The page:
Well, to understand how the Fed creates money, you also have to factor in the inflation rate. So, let’s just use this as an example — it was lower than this, but let’s say inflation was 2 percent. If the Fed increases the Federal funds rate from .25 to .50, there’s still going to be a lot of willingness to borrow at that rate given that the inflation rate is at 2 percent, just to use a big example. You have to look at how much change there is, and how much money is being printed. You could have a full 1 percent increase in the interest rate but if inflation is starting to heat up by 3 or 4 percent, people are going to still borrow at very very low rates. If the Fed funds rate is at, say, 2 percent, and the inflation rate is 4 percent, they’re going to want to borrow a lot.
So, you have to look at how much the Fed is raising the interest rate, and how much the inflation rate is jumping during that same period, to get a sense for how much it’s going to increase the money supply.
The borrowing occurs through the bank sector — the banks create this money and put it in a corporate checking account, or the Federal Reserve might come in and buy Treasury securities, and that money goes in to the banks and then the loans out from that. That’s the base: power money.
Charlie Deist: The Fractional Reserve System, where it gets multiplied.
Robert Wenzel: Correct.
Charlie Deist: All these variables are enough to make my head spin sometimes, and I’m sort of an amateur economist. But for the average person listening, I think the key points to understand are that actors in the economy tend to be rational — they’re receiving price signals from all over.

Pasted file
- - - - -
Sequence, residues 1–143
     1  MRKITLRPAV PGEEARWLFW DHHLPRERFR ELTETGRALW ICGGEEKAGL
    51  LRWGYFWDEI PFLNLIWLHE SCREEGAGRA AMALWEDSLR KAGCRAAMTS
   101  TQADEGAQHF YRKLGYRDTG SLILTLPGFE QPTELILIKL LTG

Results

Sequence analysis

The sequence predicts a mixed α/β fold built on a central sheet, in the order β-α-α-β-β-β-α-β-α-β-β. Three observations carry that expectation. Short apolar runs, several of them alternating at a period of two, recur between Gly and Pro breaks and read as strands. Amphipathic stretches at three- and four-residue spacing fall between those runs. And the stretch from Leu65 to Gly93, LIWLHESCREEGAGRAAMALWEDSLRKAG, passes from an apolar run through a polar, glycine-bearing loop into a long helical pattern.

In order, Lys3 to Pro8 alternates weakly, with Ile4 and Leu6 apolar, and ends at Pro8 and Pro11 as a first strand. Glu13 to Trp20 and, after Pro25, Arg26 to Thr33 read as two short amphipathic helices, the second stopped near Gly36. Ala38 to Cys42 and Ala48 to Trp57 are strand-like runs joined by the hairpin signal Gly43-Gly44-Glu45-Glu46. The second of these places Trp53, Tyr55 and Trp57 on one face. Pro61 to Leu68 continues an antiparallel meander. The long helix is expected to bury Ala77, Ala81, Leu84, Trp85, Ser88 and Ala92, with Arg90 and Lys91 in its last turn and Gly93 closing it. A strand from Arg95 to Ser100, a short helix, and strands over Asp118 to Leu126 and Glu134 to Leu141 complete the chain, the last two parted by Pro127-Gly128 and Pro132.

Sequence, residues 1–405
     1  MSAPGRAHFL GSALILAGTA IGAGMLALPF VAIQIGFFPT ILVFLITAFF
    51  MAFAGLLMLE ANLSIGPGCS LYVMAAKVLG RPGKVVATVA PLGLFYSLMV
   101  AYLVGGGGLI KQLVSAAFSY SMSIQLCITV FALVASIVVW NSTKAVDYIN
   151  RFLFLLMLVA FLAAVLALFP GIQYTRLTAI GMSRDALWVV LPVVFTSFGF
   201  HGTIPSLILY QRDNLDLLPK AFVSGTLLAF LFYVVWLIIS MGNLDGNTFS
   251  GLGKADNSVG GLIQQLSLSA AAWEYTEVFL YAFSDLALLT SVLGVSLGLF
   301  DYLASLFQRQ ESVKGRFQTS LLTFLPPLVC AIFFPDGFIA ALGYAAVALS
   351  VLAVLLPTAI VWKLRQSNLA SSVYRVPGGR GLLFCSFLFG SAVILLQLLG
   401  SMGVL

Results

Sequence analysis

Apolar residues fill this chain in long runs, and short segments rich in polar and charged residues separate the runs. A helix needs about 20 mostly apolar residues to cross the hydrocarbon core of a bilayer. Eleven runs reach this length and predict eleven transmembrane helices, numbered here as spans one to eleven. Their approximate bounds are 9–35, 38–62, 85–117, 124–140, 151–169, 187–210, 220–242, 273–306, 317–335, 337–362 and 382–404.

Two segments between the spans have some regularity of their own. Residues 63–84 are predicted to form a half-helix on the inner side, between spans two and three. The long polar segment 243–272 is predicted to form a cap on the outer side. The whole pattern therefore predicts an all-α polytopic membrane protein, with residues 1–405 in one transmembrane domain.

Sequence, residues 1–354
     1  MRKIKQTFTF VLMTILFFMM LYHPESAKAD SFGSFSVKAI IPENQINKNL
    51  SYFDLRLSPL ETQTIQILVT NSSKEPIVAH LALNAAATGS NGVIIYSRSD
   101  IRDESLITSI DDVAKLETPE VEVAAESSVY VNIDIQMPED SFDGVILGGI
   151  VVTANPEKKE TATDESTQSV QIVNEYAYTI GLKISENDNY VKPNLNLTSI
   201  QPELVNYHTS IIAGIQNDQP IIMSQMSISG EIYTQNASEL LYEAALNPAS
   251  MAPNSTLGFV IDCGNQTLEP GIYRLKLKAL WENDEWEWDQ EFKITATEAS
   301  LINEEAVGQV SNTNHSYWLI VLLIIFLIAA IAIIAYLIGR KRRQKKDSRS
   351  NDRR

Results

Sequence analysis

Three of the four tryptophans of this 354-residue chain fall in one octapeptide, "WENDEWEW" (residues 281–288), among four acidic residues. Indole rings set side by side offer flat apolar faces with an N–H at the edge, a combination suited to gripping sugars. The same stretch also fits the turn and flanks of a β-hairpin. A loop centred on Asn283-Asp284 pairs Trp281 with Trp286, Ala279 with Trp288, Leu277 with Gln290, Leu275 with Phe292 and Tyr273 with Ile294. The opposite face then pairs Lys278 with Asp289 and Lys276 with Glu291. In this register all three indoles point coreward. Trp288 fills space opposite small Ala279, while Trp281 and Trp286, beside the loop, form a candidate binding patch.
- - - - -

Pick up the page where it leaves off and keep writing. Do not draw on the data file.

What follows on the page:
This is an idea that Hayek talks about — F.A. Hayek, one of the the leading lights of the Austrian school — and in this model entrepreneurs are the planners. They’re the ones who are making the long-term economic decisions, and they need to know what resources are scarce, and how much savings there is in the economy to be channeled into long-term investments, like housing, like the stock market — these capital intensive industries.
When the Federal Reserve manipulates this important variable of the money supply, it clouds all of these signals. We’re talking on the radio — some people are maybe listening with a poor radio signal — and you can imagine that the Federal Reserve is mixing up these signals. It’s injecting, not just unpredictability, but also a general skew in the direction of cheap credit. It’s incentivizing people to pursue these long-term projects for which there are no underlying resources. Would you say that’s a fair summary?